In Sham Immigration Marriages, the Federal Government is Denying Citizens Due Process

A cottage industry of for-profit and taxpayer-funded lawyers aid in the circumvention of immigration laws and school others in it. (iStock by Getty Images)

Recently, declaring, “One person denied due process is too many,” Secretary of Education Betsy DeVos restored due process rights for those accused of sexual assault at institutions of higher learning. Unfortunately, an even more pernicious violation of due process is being waged, not by colleges and universities, but by the federal government with its full weight, power, and authority and by which citizens are labeled sex offenders, robbed of their reputations, and chained to a life of indentured servitude.

In 1996, Congress passed the Immigration Reform and Immigrant Responsibility Act, which requires the sponsor of an “intending immigrant”—in most cases the citizen seeking to marry the immigrant—to complete an “Affidavit of Support” (Form I-864). The citizen avers the immigrant will have adequate means of financial support, is not “likely to become a public charge,” and pledges to “[p]rovide … any support necessary to maintain him or her at an income that is at least 125 percent of the Federal Poverty Guidelines for his or her household size…” A “NOTE” warns, “Divorce does not terminate your obligations under Form I-864.” Moreover, the document “create[s] a contract between you and the U.S. Government[,]” which “consider[s] your income and assets [available to support] the intending immigrant.” Not just the federal government has financial recourse; the immigrant “may sue you for this support,” and “a Federal, state, local, or private agency [that provides means-tested public benefits to the immigrant] may sue you for the amount that the agency believes you owe.” Finally, there is liability for “the costs of collection, including attorney fees.”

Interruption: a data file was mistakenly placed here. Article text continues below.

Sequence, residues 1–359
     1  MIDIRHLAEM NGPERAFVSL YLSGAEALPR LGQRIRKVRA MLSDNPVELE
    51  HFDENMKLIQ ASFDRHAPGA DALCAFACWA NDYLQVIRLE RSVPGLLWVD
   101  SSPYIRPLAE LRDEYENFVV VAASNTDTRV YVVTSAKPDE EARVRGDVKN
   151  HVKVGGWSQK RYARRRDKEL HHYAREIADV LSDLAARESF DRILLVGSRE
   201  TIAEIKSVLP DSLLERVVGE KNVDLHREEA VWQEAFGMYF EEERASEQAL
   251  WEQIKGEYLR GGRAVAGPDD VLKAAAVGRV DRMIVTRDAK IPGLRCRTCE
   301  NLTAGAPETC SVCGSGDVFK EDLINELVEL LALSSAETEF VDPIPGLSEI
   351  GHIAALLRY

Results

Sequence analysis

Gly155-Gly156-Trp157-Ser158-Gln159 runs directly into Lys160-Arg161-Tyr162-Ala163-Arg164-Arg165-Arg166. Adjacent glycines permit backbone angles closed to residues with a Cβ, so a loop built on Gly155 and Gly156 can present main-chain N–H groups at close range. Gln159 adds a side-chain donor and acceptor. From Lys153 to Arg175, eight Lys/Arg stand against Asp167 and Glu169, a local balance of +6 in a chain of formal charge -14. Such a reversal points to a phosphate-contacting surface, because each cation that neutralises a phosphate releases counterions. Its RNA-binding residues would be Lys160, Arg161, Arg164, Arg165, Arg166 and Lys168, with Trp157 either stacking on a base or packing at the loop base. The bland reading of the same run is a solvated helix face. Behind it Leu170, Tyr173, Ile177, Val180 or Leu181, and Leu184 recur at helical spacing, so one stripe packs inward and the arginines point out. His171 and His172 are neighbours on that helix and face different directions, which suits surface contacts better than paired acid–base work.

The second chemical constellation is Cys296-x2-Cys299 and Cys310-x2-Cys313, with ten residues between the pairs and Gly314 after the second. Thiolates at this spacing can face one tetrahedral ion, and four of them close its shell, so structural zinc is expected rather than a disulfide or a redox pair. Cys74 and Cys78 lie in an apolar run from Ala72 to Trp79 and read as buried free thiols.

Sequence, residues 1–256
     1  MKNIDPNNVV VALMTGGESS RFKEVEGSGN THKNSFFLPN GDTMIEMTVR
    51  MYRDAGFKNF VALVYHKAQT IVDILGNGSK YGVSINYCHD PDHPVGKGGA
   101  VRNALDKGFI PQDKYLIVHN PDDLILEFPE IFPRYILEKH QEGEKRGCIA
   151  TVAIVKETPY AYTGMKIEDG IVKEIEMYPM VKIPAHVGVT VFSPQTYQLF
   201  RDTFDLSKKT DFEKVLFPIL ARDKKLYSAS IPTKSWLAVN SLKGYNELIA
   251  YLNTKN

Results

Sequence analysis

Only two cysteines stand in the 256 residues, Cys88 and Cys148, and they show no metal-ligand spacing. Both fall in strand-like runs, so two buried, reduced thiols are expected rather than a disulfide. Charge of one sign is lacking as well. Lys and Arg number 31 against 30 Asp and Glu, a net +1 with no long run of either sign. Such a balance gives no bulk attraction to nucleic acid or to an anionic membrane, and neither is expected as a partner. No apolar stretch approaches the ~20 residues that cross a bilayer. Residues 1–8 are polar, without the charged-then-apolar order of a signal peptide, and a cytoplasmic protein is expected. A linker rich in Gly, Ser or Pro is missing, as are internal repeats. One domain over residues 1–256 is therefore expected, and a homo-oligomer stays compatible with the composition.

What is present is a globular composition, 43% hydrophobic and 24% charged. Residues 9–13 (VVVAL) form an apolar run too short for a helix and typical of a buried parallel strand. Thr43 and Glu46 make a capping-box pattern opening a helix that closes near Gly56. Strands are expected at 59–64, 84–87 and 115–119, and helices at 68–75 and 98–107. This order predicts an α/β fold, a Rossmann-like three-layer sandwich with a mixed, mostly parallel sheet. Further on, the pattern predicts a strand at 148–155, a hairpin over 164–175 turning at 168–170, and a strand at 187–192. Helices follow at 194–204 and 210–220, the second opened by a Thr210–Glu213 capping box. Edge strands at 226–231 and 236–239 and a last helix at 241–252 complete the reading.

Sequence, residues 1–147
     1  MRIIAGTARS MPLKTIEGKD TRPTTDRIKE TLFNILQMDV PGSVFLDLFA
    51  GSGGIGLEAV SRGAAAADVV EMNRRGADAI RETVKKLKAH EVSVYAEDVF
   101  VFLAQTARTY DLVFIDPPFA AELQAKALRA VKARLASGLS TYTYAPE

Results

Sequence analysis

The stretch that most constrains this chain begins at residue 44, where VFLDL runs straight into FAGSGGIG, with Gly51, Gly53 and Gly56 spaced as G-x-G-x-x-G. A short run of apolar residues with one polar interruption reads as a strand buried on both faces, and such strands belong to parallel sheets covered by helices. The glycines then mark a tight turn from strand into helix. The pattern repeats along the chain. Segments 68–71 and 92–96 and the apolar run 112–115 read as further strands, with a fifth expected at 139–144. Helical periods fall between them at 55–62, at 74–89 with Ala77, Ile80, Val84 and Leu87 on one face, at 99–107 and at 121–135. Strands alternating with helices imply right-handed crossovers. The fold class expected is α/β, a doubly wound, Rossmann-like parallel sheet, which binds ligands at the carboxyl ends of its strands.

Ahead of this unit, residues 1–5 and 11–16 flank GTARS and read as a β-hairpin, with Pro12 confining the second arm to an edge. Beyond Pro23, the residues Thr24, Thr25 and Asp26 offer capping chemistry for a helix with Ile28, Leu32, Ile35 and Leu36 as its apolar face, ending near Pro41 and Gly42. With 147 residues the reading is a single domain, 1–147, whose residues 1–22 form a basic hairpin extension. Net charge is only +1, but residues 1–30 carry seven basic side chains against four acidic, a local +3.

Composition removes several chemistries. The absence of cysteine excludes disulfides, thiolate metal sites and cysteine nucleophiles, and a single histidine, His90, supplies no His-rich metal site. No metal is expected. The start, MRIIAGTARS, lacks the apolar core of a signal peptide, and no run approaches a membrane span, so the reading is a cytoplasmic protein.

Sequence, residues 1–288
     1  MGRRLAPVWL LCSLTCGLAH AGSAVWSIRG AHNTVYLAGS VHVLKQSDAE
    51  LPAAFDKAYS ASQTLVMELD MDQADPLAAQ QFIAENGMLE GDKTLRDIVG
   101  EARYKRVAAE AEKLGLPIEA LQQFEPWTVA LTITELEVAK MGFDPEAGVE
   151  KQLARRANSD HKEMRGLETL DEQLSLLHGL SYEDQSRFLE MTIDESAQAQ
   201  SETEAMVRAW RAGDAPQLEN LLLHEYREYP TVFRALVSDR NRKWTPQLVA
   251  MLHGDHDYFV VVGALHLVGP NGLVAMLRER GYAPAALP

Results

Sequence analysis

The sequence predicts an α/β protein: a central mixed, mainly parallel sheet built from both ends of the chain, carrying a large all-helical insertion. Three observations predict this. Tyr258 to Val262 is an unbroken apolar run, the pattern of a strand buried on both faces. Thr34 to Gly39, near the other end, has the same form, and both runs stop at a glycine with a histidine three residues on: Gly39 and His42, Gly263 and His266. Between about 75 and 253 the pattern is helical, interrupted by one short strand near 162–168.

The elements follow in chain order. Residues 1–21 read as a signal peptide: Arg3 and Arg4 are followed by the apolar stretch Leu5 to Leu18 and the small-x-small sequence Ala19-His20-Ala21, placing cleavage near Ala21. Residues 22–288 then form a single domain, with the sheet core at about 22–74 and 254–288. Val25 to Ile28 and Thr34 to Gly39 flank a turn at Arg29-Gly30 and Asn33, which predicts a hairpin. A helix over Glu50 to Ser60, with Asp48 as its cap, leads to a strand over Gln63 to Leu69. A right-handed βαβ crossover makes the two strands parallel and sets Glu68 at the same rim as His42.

What could go wrong? Usually nothing. The citizen files a “Petition for Alien Relative” (I-130), which begins the process by which the U.S. Citizenship and Immigration Services (USCIS) finds that a bonafide marriage exists and that the alien is legally admissible. After an interview with the couple, the alien becomes a conditional permanent resident (receives a “green card”) and, two years later, after documentation of the authenticity of the marital relationship, becomes a permanent resident. Of course, scoundrels exist, including those who engage in sham marriages not only to enter the United States but also to dragoon an unfortunate citizen into providing income for a lifetime.

Unfortunately, as so often happens, federal law provides them more than adequate opportunity to engage in their mischief.

By William Perry Pedley for WASHINGTON EXAMINER
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